Orillia Paper April 9, 1868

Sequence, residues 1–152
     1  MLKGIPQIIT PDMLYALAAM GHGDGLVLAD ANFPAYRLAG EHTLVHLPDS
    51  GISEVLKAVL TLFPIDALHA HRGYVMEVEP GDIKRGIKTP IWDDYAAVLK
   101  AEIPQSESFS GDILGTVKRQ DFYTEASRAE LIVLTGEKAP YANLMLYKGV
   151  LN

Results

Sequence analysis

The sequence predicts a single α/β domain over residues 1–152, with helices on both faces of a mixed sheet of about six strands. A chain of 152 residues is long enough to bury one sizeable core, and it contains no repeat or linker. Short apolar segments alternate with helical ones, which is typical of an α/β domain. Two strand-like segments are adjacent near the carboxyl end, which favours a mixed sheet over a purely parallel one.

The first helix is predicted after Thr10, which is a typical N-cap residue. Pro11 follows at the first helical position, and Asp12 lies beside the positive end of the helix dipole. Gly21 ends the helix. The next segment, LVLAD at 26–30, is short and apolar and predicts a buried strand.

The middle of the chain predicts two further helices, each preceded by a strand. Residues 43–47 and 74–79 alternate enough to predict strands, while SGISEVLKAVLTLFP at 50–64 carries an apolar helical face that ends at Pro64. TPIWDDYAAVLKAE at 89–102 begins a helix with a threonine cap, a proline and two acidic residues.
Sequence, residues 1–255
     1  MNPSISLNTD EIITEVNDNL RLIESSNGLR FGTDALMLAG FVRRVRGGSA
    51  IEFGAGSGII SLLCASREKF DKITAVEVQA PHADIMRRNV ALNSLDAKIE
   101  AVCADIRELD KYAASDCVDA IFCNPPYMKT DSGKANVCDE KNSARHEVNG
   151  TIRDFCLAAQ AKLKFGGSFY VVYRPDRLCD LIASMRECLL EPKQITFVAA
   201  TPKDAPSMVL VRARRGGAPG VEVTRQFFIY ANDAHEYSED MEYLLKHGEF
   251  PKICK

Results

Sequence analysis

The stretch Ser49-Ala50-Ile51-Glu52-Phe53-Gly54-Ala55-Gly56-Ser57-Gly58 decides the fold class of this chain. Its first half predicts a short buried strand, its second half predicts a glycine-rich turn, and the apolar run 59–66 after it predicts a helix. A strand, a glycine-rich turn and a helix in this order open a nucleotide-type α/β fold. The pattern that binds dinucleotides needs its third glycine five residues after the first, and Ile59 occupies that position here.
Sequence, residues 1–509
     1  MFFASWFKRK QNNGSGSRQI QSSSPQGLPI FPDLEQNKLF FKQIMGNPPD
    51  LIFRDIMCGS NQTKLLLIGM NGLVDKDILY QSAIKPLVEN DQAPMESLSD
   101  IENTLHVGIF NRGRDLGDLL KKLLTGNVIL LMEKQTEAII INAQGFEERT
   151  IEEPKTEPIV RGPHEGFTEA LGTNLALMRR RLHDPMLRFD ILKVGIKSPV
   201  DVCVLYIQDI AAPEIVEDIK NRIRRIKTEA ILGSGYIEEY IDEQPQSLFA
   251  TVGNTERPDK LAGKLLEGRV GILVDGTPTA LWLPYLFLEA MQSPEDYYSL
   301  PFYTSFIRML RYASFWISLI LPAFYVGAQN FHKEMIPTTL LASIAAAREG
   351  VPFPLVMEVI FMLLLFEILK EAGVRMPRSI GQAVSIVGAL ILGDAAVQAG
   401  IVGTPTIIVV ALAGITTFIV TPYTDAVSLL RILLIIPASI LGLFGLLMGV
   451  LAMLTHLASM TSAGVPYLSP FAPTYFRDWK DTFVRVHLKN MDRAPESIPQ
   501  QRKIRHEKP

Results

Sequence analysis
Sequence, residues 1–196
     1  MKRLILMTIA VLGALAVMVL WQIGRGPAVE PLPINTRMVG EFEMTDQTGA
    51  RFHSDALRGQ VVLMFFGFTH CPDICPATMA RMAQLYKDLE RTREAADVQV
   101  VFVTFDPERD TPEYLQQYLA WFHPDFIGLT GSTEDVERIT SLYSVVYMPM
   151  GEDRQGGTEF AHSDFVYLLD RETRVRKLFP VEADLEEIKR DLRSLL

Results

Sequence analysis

On last Saturday afternoon, the Rama Canal was formerly opened. The canal is intended to expedite the conveyance of logs and square timber from the Black River into Lake St. John and on the water being admitted from the Black River it will be found that it would answer the purpose well. It is about three quarters of a mile in length, the cuttings varying from 18 ½ to 1 ½ feet through a soil composed of alternate layers of sand and clay, apparently the deposits of the Black River. The whole surface of the flat land surrounding lake St. John would seem to indicate that, for some distance inland, it was at a remote period under the surface of Lake St. John – even now the annual overflow of water inundates some thousands of acres of valuable land which if reclaimed would be capable of growing the most luxuriant crops. The rich deposits caused by this rising of the land could be turned to profitable account. The only reason for this strange phenomenon is that there is not sufficient room at or about the point where the Black River and the outlet of Lake St. John intersect each other, consequently until the floods in spring subside (usually in the month of June) the land adjacent to this lake and Mud Lake is submerged. The gentlemen who have been instrumental in opening this connection between the Black River and Lake St. John are H.W.Sage and Co., Belle Ewart Mills, Thompson, Smith and Son, Toronto, Thompson and Millar, proprietors of the Longford Mills, Rama, acting under the charter of the Rama Timber Transportation Co. The extensive lumbering operations of these firms demanded a more expeditious means of conveyance than existed by way of the outlet of Lake St. John and for that purpose they have constructed this canal, which will cost about $13,000. Upwards of fifty men have been employed all winter on the undertaking, which was considered an impossibility by many, who will now see that science and art has to a certain extent triumphed over nature. And can view the singular spectacle of the waters of the Black River running with a rapid current back into Lake St. John. These gentlemen deserve great praise for the enterprising spirit that has always characterised the prosecution of their business in this locality, This important improvement facilitating navigation between the points mentioned will be welcomed with pleasure by lumberers carrying on business east of this point as it affords them a highly desirable pathway. The large sum of money expended by the Company in making this improvement and in the pursuit of their lumber trade has contributed materially to the prosperity of our village. It is to be hoped that profits resulting from the enterprise will be fully commensurate with the expenditure entailed.